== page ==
We need to start looking at Web content management (WCM) differently. We tend to look through the lens of the Web content management system (WCMS), which says that we have a content production, storage, and delivery system all-in-one. As time wears on, and organizational needs get more sophisticated, I think more and more that this definition is simplistic and needs to evolve.
It’s time to admit that there’s a big difference between content production and content delivery. With a WCMS, both are often rolled into the same system. But more and more, this is changing. WCMS are being called on to deliver content that they didn’t produce.
Take a leap with me for a minute, and envision your WCMS of choice. Imagine using that system solely to deliver Web content, none of which was actually produced in the system.
I’ll give you an example –
Bob’s company produces a massive knowledge base of documentation via DITA (Darwin Information Typing Architecture) with some client-side rich editor. These procedures are developed by a group of technical writers, and the the end result of their production is 7,000 HTML files. Bob’s company wants these on the Web.
Easy, Bob says, just give me an FTP account. And, sure, this is one way to do it. But this is very primitive delivery.
At the same time, Bob’s boss is looking over the competitor’s Web site, managed in something like Episerver, and he calls Bob up and says: “They have comments on their stuff. And people can rate their procedures. Why don’t we have that?”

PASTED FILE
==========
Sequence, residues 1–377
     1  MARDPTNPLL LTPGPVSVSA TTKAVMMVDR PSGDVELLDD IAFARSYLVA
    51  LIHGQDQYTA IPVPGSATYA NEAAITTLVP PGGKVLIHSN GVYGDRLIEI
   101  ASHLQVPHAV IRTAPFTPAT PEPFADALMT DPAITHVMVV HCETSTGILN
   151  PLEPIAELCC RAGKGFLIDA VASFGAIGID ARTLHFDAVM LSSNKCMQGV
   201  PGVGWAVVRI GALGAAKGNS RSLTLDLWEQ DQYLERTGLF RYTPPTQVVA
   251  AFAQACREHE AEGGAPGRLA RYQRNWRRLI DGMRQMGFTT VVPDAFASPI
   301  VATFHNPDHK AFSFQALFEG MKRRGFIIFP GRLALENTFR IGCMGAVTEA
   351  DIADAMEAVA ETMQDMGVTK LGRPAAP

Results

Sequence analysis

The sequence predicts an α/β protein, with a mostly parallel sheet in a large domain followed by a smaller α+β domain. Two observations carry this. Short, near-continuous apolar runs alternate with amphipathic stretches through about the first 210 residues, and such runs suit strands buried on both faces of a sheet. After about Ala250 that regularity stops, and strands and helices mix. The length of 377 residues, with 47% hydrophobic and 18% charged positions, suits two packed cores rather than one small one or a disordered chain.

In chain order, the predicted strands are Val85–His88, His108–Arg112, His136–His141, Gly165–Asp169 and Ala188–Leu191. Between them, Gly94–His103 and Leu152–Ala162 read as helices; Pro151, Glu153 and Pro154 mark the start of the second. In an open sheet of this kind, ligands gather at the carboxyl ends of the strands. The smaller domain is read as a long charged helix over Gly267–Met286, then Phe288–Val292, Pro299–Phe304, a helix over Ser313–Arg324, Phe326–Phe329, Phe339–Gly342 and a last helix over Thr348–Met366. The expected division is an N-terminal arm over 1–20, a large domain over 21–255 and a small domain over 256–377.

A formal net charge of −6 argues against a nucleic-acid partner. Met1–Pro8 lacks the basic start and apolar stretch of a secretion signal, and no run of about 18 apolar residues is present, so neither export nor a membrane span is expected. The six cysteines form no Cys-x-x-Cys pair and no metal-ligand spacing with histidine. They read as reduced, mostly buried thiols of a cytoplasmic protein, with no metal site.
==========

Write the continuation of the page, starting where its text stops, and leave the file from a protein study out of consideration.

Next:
“It’s not my fault,” Bob retorts, “You’re the one who wanted all this stuff done outside of a WCMS. I can’t do much with flat HTML.”
What’s the error here? Simple: Bob confused content production with content delivery. He thought that the usage of DITA limited his options for both production and delivery. But, in the end, DITA is just a method of production. It dictates no particular method of delivery, and the services Bob’s boss wants are a function of the delivery layer.
Put another way – just because some content was produced outside a WCMS, doesn’t mean it can’t be delivered by a WCMS. Rather than pushing the content directly to the Web server, which provides no services other than serving up request content, Bob should have pushed the content into a WCMS, which can provide a level of enhancement in the delivery layer.
As an industry, it’s time we start looking beyond the production and repository services a WCMS provides and start looking at it as a content enricher. Done correctly, a WCMS manages a delivery layer that provides services to content that add value by powering all sort of functionality. And if you pick the right system, it will provide these services whether or not the content was developed inside the CMS or outside.
Take Episerver, for instance. Let’s imagine for a minute that Episerver didn’t allow content editing. So, there’s no way to add a new page or edit an existing page inside of Episerver, and the only way to get content into it would by import, or API-level linking.
Well, what would be the point of this? What would Episerver exist to do?
A lot, it turns out. There are scads of value-add services that Episerver provides to your content in “the last mile.” Here’s a partial list –
Templating (you can further customize template by content location, relative to other content)
Conversation (A/B) testing
Integrated SEO tool
The system provides this suite of services to make all your content better, whether or not the content originated inside of Episerver.
So, I’m officially coining a new term : Web Content Delivery System, or WCDS. A WCDS is a system that embraces content from a variety of sources, and does two things.